Cardiovascular disease (CVD) is the leading cause for mortality and morbidity after spinal cord injury (SCI) with an earlier onset and more rapid progression compared to the general population. Lifestyle changes after injury have been suggested to be the main contributor to CVD risk, but I proposed that the issue is more complicated. Although less well-known, autonomic function is affected by SCI, in addition to motor and sensory dysfunction. Cardiovascular autonomic dysfunction is a particular concern in individuals with high lesions (above T5) due to the possible disruption of descending spinal sympathetic pathways to the heart and main vascular resistance bed. In this thesis, I propose that cardiovascular autonomic impairment plays a role in the elevated CVD risk. The thesis starts with an evaluation of the prevalence and progression of cardiovascular dysfunction after SCI. Then, the contribution of autonomic dysfunction on CVD risk is investigated. In addition, markers for obesity-related CVD risk specific to individuals with SCI and ECG markers for cardiac arrhythmias in relation to autonomic impairments are explored. Prevalence of cardiovascular dysfunction was found not to improve over time after injury and it was highest in those with lesions above T5. The second study showed that autonomic dysfunction contributes to overall CVD risk and specifically to glucose intolerance, either directly or through an interaction with physical activity levels. The data showed that waist circumference is the best marker for obesity considering ability to detect adiposity and CVD risk, and practicality of use. A specific cut-off for waist circumference was found to be lower compared to the general recommendations. The final study showed increased values for the ECG markers Tpeak-Tend variability, P-wave variability and QTVI, only in those with impairments to descending cardiac sympathetic pathways. The ECG characteristics may be indicative of susceptibility to cardiac arrhythmia related to autonomic dysfunction. Implications of these findings are that management of cardiovascular autonomic dysfunction should remain a priority into the chronic phase of injury, not merely due the direct impact on quality of life, but also due to its contribution to the elevated cardiovascular disease risk after SCI.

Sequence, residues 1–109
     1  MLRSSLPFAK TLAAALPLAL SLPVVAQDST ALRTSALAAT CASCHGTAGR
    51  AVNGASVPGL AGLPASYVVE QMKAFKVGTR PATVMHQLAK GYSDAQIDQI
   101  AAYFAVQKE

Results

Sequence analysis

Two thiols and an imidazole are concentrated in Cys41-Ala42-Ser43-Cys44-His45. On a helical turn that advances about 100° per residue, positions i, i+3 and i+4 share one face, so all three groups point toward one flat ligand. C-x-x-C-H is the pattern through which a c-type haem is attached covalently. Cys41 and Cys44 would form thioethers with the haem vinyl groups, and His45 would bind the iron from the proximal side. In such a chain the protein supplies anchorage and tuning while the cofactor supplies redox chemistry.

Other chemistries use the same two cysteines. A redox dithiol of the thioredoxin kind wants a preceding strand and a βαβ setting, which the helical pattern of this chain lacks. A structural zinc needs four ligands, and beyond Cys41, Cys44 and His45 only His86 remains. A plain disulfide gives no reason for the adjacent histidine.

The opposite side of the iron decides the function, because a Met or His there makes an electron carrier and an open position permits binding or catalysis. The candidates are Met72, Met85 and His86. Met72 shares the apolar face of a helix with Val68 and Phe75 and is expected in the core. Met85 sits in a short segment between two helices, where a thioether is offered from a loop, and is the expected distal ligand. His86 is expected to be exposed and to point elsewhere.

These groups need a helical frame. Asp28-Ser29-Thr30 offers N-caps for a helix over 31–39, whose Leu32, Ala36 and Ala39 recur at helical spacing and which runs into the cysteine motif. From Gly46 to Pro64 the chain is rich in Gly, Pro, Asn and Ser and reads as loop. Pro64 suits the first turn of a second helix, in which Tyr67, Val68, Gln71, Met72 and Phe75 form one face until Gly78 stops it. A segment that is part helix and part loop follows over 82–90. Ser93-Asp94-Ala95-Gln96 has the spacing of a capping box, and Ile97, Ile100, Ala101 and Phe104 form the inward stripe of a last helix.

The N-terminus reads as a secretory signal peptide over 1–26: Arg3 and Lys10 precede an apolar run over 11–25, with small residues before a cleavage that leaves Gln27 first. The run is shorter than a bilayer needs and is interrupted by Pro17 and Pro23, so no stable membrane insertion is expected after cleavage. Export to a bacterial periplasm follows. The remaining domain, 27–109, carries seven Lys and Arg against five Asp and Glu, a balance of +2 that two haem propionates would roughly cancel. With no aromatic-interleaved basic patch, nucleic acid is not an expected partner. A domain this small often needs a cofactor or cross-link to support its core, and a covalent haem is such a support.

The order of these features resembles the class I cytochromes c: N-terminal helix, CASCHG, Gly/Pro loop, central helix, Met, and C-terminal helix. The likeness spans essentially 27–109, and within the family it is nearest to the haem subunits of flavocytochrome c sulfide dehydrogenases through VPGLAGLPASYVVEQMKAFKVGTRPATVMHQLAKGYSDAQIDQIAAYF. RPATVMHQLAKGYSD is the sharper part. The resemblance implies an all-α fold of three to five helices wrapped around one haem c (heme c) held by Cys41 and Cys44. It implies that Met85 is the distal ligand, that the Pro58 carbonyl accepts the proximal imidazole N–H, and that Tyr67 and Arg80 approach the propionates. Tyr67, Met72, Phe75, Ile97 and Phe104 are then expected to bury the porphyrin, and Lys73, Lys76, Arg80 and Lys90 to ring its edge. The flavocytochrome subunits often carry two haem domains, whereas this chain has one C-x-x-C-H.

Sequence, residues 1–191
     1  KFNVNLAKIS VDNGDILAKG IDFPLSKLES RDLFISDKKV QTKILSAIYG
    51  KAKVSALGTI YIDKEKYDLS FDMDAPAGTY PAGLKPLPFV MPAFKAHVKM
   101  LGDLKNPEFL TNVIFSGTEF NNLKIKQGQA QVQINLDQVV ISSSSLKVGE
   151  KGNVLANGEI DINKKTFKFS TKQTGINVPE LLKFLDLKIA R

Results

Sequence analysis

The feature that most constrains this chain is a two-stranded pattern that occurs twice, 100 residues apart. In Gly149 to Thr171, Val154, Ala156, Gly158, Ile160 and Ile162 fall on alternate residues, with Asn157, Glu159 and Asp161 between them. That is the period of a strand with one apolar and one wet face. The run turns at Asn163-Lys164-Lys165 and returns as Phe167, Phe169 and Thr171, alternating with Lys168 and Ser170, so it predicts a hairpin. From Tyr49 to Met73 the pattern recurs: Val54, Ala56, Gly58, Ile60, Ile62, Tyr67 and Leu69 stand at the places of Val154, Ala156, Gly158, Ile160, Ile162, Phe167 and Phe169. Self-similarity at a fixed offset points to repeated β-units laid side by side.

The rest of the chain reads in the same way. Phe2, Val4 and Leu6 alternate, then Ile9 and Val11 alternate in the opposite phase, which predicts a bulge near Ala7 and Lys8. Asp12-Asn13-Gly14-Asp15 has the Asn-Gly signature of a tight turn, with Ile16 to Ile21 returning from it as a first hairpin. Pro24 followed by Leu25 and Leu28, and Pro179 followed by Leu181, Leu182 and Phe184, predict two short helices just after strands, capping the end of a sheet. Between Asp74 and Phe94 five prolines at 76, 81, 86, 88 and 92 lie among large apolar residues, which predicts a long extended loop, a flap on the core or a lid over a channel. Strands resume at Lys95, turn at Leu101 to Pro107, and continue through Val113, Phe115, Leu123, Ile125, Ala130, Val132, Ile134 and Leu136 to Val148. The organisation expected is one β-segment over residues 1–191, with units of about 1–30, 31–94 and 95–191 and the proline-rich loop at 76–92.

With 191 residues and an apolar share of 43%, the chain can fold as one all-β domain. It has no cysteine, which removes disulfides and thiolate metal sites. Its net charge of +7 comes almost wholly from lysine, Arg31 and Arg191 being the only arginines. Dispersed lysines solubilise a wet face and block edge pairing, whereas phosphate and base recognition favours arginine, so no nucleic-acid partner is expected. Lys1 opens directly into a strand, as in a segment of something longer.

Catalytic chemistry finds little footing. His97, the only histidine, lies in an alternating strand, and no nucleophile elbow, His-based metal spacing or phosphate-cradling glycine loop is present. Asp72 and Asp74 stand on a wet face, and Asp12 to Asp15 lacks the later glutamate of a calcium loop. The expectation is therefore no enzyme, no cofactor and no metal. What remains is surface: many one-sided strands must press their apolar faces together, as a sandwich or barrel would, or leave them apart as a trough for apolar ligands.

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Thesis advisor: Claydon, Victoria E.
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